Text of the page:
The biggest issue I see in this generic approach is, well, that it’s generic. 😅 If we go down this path, it emphasizes that fairness can be seen as an intrinsic problem of the model, rather than being a sociotechnical one.
On the other hand, it’s a lot better than using an inappropriate data set. So it might be a good alternative until we find a better one.
What do you think, does this make any sense?
I’d be okay with gender queer as a term, as it makes clear the intention is to represent people outside a binary gender scheme. I can’t speak for all non-binary though. 😬
@Roman that’s actually a good idea. Without having read the original papers, I wouldn’t have understood it either. Having a approachable theoretical section is a unique selling point for the fairlearn documentation I guess.
Re. collecting gender demographics, I have recently chatted with Queer in AI folks, and they suggest the following:
Gender: (please select the options which are applicable to you)
 Non-binary / Genderqueer / Third gender
 Genderfluid / Gender non-conforming
 Prefer not to say
 Specify your own (open text box)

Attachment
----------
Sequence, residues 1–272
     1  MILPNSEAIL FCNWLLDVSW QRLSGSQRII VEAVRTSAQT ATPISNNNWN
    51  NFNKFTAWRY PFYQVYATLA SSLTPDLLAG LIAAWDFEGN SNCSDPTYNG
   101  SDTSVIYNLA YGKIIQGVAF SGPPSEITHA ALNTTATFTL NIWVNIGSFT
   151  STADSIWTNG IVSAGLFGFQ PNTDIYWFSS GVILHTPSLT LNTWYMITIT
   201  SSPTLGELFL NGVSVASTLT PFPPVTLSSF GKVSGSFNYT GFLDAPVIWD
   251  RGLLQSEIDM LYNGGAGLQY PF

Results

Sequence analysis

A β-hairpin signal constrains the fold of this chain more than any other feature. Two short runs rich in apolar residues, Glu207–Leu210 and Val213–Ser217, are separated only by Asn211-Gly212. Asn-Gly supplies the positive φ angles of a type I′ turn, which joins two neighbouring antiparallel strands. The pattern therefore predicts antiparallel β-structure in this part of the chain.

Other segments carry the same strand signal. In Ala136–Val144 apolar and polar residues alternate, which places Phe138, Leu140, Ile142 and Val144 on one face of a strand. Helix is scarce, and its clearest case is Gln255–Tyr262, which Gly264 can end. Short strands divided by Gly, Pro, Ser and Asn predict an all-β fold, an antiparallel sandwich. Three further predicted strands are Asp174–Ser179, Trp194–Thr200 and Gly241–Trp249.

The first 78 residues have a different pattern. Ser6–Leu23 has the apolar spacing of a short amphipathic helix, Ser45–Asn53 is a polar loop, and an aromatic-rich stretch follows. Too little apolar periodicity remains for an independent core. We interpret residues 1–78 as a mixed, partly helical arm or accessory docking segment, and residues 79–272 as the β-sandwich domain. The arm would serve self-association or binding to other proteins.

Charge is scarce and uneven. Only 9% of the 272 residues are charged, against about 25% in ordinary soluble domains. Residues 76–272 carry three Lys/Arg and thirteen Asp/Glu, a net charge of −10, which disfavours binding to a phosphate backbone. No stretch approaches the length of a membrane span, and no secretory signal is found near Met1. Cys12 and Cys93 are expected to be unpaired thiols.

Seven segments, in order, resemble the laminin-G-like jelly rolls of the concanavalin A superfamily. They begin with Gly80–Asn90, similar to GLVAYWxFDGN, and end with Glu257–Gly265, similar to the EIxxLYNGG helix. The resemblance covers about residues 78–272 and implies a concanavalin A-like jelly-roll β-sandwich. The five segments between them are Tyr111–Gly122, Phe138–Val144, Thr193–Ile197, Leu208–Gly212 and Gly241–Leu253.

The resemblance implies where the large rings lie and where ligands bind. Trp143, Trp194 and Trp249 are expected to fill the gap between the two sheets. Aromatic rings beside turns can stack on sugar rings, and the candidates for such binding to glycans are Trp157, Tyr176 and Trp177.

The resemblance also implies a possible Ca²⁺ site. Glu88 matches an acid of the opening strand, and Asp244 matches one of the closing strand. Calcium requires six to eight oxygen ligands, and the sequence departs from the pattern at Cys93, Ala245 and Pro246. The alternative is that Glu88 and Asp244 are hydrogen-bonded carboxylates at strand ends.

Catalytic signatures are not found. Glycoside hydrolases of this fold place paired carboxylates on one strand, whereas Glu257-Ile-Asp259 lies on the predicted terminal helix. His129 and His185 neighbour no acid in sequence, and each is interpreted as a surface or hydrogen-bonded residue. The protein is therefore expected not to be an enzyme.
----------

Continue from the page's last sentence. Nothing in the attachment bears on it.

The key aspect is that this is a multi-select. When this kind of data is collected, there should be an explanation that the data is collected to audit for fairness and/or mitigate any fairness issues, and that if you pick "prefer not to say" you will not be included in any fairness audits.
I also like these two sources:
Respectful Collection of Demographic Data | by Sarai Rosenberg | Managing on the Margins | Medium
In scikit repo
conf.py which you pointed in description of the issue:
I am confused what should we put for in the case of
dependencies - requirements.txt. If you look at scikit-repo requirements - https://github.com/scikit-learn/scikit-learn/blob/309f135c3284d7db6e23ca81a87948c7066a3949/doc/binder/requirements.txt, it's confusing.
What should we put in the requirements.txt in case of fairlearn repository?
predict_proba. Note that our meta estimators like
ExponentiatedGradientdo NOT produce probabilities the same way, so we've very consciously chosen not to name it
Assessment: our user guide covers both classification and regression metrics https://fairlearn.org/main/user_guide/assessment.html#metrics
Mitigation: The table shows which techniques should work for regression: https://fairlearn.org/main/user_guide/mitigation.html (everything but ThresholdOptimizer)
Admittedly, the user guide isn't super comprehensive yet and has some gaps, but there is a regression section for fairness constraints that can be plugged into our
fairlearn.reductions techniques: https://fairlearn.org/main/user_guide/mitigation.html#fairness-constraints-for-regression
We don't have examples with regression mitigation yet, but this test case code might be useful to you: https://github.com/fairlearn/fairlearn/blob/62fc80c77bcd3bef6a3d7bc44e54827ec9fb8d09/test/unit/reductions/grid_search/test_grid_search_regression.py#L64
If you're willing to explain your use case we could try to advise on how to use Fairlearn. Let us know!